8/4 update: I feel like I wasn’t very fair in my earlier post, so I’m editing it.
Here’s something you’ve probably never heard an English teacher say: I hate poetry.
I hate poetry because it’s raw and honest. My skin prickles as I read through the words of a poet, waxing on about how they see and feel and think. I prefer that no one knows me in the way that poetry demands to be known. It’s why I didn’t write one on Friday, even though this blog is supposed to challenge us and force us to grow as writers.
But if you want a little honesty, here’s some: I don’t think I’ll ever get over my parents’ divorce.
This past week would have been their 31st anniversary, but instead they’re both celebrating their second year of marriage with their new spouse.
Yeah. That was an awkward summer.
Now I’m 26, they’ve been divorced for over six years, and I’m still not over it. I often wonder if “getting over it” is a myth. Do people really get over watching their life as it knew it be torn into two messy parts that want nothing to do with the other?
I don’t think so.
At least not for me.
Sometimes I’m convinced the inky signatures scribbled at the bottom of those finalized documents I picked up from the courthouse slid off the paper and slipped into my bloodstream, infiltrating my DNA and forever altering my genetic makeup.
Grief has stamped its presence onto every cell of my being. Some days I swear I’ll be grieving for eternity because I know I can never “go back” to how things used to be.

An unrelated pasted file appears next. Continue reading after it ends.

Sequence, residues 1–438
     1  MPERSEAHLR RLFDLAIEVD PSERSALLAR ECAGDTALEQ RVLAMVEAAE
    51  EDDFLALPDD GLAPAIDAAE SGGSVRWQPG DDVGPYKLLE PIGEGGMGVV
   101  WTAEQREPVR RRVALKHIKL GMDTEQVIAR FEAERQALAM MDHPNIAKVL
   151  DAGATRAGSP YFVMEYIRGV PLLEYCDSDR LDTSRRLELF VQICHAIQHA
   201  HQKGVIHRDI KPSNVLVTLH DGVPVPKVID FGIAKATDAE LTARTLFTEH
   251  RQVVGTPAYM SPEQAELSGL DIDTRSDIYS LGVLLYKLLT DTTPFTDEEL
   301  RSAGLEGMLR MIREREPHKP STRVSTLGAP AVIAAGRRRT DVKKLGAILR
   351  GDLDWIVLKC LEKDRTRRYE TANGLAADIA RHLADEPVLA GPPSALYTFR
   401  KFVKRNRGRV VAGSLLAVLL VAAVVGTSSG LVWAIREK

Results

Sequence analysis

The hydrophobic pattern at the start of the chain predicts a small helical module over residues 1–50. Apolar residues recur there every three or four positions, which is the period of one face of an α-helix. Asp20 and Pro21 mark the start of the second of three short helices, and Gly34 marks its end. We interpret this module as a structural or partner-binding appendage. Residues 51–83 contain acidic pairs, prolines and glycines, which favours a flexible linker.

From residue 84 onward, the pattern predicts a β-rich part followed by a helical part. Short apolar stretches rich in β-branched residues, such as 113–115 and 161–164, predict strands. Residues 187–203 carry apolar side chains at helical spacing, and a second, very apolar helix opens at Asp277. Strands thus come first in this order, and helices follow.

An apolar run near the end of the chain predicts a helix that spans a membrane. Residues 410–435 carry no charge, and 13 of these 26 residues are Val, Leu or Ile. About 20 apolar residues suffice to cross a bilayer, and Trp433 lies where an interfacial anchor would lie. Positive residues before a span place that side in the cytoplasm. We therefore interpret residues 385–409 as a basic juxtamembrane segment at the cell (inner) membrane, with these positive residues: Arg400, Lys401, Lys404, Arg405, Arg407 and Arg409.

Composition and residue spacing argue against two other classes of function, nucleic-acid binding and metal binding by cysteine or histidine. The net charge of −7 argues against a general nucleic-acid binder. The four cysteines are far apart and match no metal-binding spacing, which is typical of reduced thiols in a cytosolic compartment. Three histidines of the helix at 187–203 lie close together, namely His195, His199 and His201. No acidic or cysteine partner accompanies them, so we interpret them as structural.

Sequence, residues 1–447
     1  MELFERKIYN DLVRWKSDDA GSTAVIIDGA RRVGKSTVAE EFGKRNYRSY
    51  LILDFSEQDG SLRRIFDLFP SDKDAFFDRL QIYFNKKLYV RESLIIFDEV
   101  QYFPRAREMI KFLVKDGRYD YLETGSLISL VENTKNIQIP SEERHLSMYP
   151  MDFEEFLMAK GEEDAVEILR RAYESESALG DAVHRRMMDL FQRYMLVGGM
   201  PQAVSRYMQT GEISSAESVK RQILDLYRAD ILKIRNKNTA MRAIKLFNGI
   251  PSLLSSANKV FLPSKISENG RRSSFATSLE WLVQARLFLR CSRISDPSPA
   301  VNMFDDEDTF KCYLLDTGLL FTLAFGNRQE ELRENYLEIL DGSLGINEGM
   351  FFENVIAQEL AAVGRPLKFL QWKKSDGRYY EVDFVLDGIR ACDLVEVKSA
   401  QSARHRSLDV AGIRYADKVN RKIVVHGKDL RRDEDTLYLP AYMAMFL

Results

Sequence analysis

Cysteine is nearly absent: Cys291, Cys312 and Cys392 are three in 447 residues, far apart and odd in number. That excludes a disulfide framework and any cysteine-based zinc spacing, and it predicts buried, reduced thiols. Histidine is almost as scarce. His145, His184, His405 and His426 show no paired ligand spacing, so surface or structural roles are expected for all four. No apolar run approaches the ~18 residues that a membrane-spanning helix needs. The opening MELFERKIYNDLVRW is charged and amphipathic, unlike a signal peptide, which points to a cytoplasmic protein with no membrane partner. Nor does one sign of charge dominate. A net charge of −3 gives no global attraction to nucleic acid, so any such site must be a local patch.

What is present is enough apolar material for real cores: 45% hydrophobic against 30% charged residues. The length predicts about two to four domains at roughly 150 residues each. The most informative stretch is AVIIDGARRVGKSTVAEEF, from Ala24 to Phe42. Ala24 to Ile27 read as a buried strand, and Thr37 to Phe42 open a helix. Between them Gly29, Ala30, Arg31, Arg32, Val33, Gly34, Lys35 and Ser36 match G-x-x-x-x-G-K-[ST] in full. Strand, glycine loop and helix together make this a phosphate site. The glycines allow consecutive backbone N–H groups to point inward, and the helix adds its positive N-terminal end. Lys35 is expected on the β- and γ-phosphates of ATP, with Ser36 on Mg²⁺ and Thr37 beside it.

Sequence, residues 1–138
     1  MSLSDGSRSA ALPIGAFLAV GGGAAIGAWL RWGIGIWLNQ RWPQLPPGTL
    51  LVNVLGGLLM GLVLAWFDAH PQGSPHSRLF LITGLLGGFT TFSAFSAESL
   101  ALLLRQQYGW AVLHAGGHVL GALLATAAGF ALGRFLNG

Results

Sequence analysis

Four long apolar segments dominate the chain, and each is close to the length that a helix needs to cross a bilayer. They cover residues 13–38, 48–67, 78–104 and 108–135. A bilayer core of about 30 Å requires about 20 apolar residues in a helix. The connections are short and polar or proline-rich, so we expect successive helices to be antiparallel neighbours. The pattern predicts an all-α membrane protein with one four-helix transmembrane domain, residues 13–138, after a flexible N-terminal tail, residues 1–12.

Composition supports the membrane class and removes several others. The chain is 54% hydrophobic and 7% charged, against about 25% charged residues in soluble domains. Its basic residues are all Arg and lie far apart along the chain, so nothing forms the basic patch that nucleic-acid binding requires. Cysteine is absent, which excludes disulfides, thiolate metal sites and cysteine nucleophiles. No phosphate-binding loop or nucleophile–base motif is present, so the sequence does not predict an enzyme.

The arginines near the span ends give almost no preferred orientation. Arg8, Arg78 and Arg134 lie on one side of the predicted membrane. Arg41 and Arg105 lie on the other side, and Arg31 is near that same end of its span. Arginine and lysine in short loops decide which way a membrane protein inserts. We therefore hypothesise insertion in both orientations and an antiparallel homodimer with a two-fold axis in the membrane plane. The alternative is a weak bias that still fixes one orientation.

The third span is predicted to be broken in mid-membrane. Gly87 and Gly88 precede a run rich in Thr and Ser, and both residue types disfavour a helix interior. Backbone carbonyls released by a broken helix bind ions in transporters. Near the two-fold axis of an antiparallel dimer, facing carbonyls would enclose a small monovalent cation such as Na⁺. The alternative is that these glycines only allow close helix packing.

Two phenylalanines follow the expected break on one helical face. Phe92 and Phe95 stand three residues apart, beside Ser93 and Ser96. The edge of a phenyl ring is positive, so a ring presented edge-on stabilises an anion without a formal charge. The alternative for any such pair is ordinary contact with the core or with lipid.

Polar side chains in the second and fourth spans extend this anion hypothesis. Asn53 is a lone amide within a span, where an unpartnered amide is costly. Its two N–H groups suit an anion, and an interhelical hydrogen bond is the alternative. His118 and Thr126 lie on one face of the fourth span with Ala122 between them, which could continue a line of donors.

Is that even a normal thing for people whose parents are still together? Can you go back to how things used to be? Or is this side effect of growing older?
I don’t know.
The truth is: I feel like I don’t recognize this version of my parents. Were they always like this or was I simply naive and unaware of who they are as humans separate from my parents. Maybe it’s because they divorced in the middle of my sophomore year of college, when everything in life was already crazy. Or maybe it is because they were always the person they are now and simply grew tired of trying to be who I thought they were.
Either way, I miss the way life worked Pre-Divorce, when I didn’t have to debate who to call first when something exciting or awful happens, or when I could go back home, not the house that I grew up in that looks nothing like it did before, or when I was the only one with sassy remarks at dinner.
Life back then was far from perfect, but at least it felt whole. This splitting time, skipping holidays, homesick for something that doesn’t exist anymore? That’s not real life.
But it is. Because it’s mine.
So the atoms that make up my cells that make up my body that make up my life swirl and swirl and swirl, keeping these thoughts, this grief, this life as upright in the best way it knows how. It’s trying to follow my dad’s advice: just take it one day at a time.
Maybe I’ll get over this.
Or maybe I won’t.
Either way, I’m certain that I can still grow.